The Mississippi River has dropped to record lows due to a severe drought
Photos and satellite images from the central United States show how the region’s worst drought in at least a decade caused the Mississippi River and its tributaries to fall to record lows this month.
Across the river basin, dozens of gauges have fallen below their low water mark. The Mississippi River was at historic lows from Illinois to Louisiana this week, and many of these gauges will continue to see falling water levels as forecasts remain stubbornly dry.
Drone video of the Mississippi River near Memphis shows how the mighty river has contracted away from its banks.
The river fell to minus 10.75 feet earlier this week, according to National Weather Service data, which was the lowest level on record in Memphis.
Drought extended further this week in the Midwest and South, according to the US Drought Monitor. Half of the contiguous United States is covered in moderate or worse drought conditions — the third-highest reading of the year so far and the highest since March.
More than 134 million people are affected by the drought, the Monitor reports, which is the highest population percentage since 2016.
The Midwest saw the worst deterioration, with the area covered by the drought increasing by about 60,000 square miles, which is the size of Georgia.
« Topsoil moisture continues to dry out in parts of the Ohio Valley and Corn Belt, » the Drought Tracker reported Thursday, adding that « deeper soil moisture remains very low. also in much of the Mississippi Valley ».
The dry conditions took their toll not only on the Mississippi, but also on the rivers that flow into it.
Before and after satellite images from the National Weather Service show how the rivers retreated from their banks between July 14 and October 17.
The Mississippi River at Kentucky Bend and New Madrid, Missouri:
The Ohio River at Mound City Landing, Illinois:
In Nebraska, aerial photos show the Platte River, which runs through the state and empties into the Mississippi, has almost completely dried up in some places. The river has disappeared near Kearney, Nebraska, and dry sand is all that remains where the water usually flows.
According to the National Weather Service, several inches of rain are possible over the next week in the central United States, which could bring some relief, especially for tributaries of the Mississippi River.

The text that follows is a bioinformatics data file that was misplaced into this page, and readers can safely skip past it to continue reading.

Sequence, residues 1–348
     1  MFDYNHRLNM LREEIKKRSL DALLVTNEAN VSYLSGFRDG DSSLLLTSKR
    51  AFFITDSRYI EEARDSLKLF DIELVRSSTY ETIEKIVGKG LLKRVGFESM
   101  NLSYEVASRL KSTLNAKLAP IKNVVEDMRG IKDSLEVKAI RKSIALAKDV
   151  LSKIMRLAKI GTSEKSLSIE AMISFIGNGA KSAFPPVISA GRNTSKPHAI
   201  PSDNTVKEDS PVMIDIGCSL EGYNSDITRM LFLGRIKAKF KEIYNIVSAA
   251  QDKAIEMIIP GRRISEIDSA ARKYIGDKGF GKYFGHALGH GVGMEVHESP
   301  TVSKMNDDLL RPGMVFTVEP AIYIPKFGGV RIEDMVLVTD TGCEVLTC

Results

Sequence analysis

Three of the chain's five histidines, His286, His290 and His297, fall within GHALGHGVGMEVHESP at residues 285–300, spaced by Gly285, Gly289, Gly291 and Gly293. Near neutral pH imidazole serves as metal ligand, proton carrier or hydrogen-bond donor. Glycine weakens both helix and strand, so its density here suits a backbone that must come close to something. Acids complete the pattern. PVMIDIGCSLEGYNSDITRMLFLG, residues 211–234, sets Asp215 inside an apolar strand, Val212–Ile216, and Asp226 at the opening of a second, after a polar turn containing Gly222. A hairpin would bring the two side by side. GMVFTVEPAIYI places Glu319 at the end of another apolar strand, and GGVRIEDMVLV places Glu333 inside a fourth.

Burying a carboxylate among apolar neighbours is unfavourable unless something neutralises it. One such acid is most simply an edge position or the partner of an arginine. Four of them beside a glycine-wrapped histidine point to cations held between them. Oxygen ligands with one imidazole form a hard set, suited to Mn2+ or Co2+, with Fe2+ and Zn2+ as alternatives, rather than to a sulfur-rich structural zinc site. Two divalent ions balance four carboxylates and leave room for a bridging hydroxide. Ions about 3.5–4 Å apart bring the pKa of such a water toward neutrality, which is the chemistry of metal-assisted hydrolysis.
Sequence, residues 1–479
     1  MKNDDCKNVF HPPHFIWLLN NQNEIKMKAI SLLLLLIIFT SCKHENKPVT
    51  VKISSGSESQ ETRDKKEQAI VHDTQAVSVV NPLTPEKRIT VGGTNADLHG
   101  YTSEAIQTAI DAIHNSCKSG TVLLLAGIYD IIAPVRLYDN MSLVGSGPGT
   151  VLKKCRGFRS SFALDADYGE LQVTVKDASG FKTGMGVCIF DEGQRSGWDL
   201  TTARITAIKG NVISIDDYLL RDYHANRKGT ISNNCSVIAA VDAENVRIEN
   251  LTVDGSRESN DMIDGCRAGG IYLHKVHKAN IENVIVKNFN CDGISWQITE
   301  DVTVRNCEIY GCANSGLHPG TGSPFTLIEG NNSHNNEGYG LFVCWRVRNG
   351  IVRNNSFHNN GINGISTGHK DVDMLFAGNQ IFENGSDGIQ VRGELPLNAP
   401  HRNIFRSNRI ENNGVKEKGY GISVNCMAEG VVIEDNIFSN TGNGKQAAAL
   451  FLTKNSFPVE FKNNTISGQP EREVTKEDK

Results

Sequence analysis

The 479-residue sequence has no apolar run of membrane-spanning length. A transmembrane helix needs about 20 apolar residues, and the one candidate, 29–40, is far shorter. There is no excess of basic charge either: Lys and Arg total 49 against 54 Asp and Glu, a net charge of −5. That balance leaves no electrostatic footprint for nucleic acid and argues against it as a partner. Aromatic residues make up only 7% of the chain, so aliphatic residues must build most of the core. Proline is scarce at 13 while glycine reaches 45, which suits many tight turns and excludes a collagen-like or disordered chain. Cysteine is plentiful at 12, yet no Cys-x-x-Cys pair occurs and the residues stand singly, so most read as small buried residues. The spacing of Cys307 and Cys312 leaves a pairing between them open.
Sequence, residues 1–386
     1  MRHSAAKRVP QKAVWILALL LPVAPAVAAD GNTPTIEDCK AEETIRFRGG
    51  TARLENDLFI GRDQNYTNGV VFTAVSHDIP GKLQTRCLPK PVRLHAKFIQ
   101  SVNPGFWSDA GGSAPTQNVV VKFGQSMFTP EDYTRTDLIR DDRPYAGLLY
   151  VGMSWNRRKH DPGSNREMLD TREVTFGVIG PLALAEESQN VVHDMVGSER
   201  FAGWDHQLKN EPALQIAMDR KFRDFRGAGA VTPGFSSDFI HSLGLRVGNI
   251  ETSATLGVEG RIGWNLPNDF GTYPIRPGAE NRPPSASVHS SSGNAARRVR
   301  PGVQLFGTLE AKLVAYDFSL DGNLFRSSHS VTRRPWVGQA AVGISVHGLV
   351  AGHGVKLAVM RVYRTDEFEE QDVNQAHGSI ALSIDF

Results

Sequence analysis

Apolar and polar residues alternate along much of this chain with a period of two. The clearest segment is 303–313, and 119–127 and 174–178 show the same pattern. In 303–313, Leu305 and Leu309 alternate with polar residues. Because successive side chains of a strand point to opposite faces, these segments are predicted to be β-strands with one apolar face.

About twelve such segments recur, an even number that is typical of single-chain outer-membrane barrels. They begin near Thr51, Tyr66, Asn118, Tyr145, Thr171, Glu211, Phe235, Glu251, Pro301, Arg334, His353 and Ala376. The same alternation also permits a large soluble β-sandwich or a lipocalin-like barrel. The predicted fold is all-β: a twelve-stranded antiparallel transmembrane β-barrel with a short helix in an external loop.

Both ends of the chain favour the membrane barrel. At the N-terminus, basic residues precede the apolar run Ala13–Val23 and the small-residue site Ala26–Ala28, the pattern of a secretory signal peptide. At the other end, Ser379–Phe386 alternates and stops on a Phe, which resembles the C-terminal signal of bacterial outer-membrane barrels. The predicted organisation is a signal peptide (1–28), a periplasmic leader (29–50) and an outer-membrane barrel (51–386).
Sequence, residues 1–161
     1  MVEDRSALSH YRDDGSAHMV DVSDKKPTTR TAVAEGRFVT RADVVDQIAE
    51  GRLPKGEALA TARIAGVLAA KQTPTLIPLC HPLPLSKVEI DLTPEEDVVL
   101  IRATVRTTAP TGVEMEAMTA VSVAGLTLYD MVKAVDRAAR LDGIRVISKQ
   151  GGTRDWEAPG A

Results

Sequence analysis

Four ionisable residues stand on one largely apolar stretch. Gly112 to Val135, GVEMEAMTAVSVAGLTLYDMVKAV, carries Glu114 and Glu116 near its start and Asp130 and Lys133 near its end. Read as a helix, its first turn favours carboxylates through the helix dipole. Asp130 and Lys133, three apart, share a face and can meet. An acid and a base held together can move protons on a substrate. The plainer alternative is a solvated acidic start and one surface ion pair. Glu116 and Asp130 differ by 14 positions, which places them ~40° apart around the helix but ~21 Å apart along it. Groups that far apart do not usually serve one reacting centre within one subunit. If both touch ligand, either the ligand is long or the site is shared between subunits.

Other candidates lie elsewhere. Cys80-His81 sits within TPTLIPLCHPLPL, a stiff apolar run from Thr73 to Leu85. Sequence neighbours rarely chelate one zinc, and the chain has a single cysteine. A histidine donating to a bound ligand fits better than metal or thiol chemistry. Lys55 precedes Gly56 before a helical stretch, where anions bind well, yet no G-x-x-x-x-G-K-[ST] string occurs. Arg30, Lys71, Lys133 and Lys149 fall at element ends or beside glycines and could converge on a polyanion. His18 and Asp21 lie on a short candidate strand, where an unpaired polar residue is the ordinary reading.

But the long-term outlook is drier than average. The National Oceanic and Atmospheric Administration’s Seasonal Drought Outlook projects that the region’s drought will persist through January.
Low river levels allowed people to walk to Tower Rock, CNN previously reported — an island in the middle of the Mississippi River south of St. Louis that’s usually only accessible by boat.
The low levels also allow salt water from the Gulf of Mexico to flow up the Mississippi, and the Army Corps is building a 1,500-foot-wide underwater levee to keep salt out of drinking water by Louisiana.
Additionally — just as record high water levels at Lake Mead revealed multiple sets of human remains — a woman walking along the banks of the Mississippi River over the weekend discovered bones that turned out to be human, they said. officials. The remains include an unidentified lower jaw, ribs and pieces of bone, Chief Medical Examiner Scotty Meredith told CNN.
The Tennessee Valley Authority announced this week that it will release more water from two dams to help top up water levels in the Mississippi River. In Cairo, Illinois, Mississippi is « nearing its lowest level since 1901, » the agency noted on its Facebook page.
“To help stabilize commercial boating conditions on the lower Ohio and Mississippi rivers, we are planning special water releases from Kentucky Dam on the Tennessee River and Barkley Dam on the Cumberland River to help impacts on the low level of the river, » the agency wrote.
TVA spokesman Travis Brickey told CNN that water from dams is typically released in a fluctuating fashion because they operate on a « build-stop-build-stop » cycle.
But for the foreseeable future, the dams are releasing a steady flow of water to help counter the impact of the ongoing drought on water levels.
The Mississippi’s low water levels come at a crucial time of year for transporting crops from the heartland, CNN previously reported.
The Army Corps of Engineers dredged portions of the river to keep traffic flowing, although at a much slower pace. Hundreds of barges and ships have lined up this month, waiting for the green light to pass through the treacherously low river.